This is the fifth of a series of posts discussing the paper
A Comprehensive Approach to Cryptographic and Biometric Authentication
from a Mobile Perspective.
Everybody agrees that passwords provide very poor security for user
authentication, being vulnerable to capture by phishing attacks or
database breaches, or by being reused at malicious sites.
Authentication using public key cryptography does not have any of
these vulnerabilities, and yet, after being available for several
decades, it is only used in limited contexts. As computing shifts
from traditional PCs to mobile devices, everybody agrees that
passwords are terribly inconvenient on touchscreen keyboards, in
addition to being insecure; and yet I don’t see a rush to adopting
cryptographic authentication methods on mobile devices.
What obstacles stand in the way of widespread adoption of
One obstacle is no doubt the complexity of cryptography. Implementing
cryptographic functionality is difficult even when cryptographic
libraries are available. Using a cryptographic API is no trivial
matter, as documented by Martin Georgiev et al. in a recent paper
(reference  in the paper).
Another obstacle is poor support by web browsers for the deployment
and use of cryptographic credentials. In particular, there are no
easy-to-use standards generally supported by browser vendors for
issuing cryptographic credentials to a browser and requesting the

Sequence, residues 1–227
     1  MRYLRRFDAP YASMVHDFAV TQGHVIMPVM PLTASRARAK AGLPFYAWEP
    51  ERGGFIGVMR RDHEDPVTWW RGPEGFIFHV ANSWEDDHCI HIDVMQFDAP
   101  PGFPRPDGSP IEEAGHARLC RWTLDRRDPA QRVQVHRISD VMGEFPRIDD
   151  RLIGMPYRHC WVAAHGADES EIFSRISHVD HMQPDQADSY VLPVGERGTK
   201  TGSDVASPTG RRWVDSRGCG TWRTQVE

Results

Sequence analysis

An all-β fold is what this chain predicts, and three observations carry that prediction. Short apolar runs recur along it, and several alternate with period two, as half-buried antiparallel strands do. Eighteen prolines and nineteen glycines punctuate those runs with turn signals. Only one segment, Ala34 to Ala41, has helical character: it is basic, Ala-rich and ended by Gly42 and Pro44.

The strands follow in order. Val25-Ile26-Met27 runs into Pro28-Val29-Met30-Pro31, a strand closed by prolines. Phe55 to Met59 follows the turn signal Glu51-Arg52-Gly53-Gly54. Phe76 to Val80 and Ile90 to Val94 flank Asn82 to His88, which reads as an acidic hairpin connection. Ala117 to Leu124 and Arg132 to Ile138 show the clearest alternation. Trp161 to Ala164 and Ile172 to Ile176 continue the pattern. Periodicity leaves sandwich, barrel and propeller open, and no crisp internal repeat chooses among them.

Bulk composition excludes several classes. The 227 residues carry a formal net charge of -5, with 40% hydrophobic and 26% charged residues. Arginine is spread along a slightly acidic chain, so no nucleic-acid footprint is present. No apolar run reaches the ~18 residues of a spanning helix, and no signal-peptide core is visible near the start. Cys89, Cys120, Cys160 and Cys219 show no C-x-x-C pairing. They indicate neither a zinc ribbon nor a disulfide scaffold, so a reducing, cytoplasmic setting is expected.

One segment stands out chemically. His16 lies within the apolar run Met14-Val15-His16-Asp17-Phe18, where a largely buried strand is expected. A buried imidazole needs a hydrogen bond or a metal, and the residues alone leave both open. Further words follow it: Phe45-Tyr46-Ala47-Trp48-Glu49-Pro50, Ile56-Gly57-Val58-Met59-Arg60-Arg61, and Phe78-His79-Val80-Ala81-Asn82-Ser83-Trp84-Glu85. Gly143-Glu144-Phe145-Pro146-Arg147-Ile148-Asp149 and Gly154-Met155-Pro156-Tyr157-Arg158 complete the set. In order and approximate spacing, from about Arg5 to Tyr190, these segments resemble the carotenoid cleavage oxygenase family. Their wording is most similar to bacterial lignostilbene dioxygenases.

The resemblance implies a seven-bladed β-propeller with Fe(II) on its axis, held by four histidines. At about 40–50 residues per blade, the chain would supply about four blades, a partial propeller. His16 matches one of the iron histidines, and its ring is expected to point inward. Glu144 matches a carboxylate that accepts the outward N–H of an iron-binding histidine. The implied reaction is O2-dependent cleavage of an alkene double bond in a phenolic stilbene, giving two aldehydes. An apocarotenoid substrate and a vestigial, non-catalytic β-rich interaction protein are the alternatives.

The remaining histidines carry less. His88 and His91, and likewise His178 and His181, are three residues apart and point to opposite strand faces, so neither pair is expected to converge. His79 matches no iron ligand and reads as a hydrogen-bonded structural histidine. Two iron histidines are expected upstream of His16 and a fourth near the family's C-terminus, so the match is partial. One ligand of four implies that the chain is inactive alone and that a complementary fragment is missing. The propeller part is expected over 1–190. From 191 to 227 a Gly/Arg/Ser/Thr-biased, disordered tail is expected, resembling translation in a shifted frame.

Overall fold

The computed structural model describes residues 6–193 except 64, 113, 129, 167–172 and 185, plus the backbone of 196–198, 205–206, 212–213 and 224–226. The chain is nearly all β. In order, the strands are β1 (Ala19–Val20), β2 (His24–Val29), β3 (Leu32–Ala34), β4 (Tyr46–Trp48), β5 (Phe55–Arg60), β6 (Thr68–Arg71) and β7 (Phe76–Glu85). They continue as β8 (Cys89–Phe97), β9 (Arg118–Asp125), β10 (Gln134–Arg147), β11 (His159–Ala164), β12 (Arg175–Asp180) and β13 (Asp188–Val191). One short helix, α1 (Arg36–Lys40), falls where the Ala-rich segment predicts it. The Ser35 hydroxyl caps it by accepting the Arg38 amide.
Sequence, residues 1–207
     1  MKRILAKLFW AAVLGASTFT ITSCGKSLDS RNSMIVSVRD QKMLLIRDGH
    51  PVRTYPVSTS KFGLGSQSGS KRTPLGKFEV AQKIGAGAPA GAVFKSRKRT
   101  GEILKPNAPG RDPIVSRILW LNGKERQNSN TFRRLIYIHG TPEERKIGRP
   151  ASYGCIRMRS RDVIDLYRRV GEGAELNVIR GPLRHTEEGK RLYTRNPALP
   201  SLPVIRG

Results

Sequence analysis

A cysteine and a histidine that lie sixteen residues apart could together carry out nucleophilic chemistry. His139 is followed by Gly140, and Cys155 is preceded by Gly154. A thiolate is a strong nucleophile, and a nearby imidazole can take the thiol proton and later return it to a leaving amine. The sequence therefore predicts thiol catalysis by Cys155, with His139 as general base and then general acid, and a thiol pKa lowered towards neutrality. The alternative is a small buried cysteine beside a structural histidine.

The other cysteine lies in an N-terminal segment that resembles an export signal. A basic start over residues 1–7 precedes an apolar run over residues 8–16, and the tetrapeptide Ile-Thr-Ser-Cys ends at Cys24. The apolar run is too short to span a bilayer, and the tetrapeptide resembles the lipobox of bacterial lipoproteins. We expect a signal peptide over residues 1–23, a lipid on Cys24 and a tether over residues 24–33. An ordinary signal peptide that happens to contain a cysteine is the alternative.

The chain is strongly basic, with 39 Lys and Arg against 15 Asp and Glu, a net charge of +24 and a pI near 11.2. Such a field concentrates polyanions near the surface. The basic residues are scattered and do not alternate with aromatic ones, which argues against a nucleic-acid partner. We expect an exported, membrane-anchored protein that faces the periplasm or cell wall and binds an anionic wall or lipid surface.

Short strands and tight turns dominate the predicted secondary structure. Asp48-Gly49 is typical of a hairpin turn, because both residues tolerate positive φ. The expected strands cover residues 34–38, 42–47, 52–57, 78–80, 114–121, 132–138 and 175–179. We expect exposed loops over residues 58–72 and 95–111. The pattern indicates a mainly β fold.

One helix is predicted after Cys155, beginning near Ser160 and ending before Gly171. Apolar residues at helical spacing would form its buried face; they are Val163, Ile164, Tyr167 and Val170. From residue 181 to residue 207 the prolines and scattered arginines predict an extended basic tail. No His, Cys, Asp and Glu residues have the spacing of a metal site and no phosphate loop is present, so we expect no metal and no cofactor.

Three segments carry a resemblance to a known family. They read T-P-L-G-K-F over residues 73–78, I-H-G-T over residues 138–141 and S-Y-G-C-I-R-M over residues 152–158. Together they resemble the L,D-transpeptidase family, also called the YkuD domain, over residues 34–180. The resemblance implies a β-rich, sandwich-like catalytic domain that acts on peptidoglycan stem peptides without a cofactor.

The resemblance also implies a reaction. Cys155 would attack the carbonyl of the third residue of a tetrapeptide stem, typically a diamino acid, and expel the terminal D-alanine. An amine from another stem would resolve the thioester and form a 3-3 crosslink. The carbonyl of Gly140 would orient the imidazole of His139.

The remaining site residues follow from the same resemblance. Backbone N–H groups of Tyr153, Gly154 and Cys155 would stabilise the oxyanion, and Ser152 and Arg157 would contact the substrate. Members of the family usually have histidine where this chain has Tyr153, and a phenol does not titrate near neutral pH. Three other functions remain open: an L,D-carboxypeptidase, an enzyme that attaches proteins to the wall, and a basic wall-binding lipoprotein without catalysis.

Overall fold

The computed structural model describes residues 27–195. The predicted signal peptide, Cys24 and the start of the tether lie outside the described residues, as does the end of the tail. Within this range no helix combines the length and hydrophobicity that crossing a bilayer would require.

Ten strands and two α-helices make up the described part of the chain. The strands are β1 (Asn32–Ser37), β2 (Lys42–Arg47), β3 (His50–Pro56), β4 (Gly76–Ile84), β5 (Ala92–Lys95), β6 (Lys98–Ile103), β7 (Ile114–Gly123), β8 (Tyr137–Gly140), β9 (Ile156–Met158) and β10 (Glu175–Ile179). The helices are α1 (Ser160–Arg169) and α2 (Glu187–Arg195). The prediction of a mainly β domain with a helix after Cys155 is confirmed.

presentation by the browser of particular credentials or credentials
asserting particular attributes.
In Section 7 the paper proposes an architecture for cryptographic
authentication on mobile devices that addresses these two obstacles.
It does that by encapsulating cryptographic authentication of a mobile
device to an application back-end inside a Prover Black Box (PBB)
located in the device and a Verifier Black Box (VBB) located in the
cloud, as shown in figures 6 (page 48) and 7 (page 54).
The PBB may contain one or more protocredentials for multifactor
closed-loop authentication, or credentials for single factor
closed-loop or open-loop authentication; and it takes care of proving
possession of credentials to the VBB. After a cryptographic
authentication event in which the PBB proves possession of one or more
credentials, the VBB creates an authentication object that records the
event and contains authentication data such as the hash of a public
key or attributes asserted by a public key certificate, a U-Prove
token, or an Idemix anonymous credential. The authentication object
is retrievable by a one-time authentication token, which the VBB
passes to the PBB and the PBB passes to the application back-end via a
native front-end or via the web browser. The authentication token
plays the role of a bearer token in a secondary non-cryptographic
authentication of the native front-end or web browser to the back-end,
and allows the application back-end to retrieve the authentication
In Figure 6 the native front-end of a mobile application receives the
authentication token from the PBB and uses it to authenticate to the
back-end of the same application, which presents it to the VBB to
retrieve the authentication data.
In Figure 7, the PBB sends the token via the browser to the back-end
of a web-based application, thus authenticating the browser to the
back-end, which again uses the token to retrieve the authentication
data from the VBB. (As a matter of terminology, we view a web-based
application as having a back-end and a front-end, the back-end being
its cloud portion, while the front-end consists of web pages and
client-side code running in the browser.)
This architecture circumvents the two obstacles identified above to
the adoption of cryptographic authentication.
The browser obstacle is avoided in Figure 6 because no browser is
involved, and in Figure 7 because the browser is not involved in
storing or presenting credentials, and no modification of standard
browser functionality is required.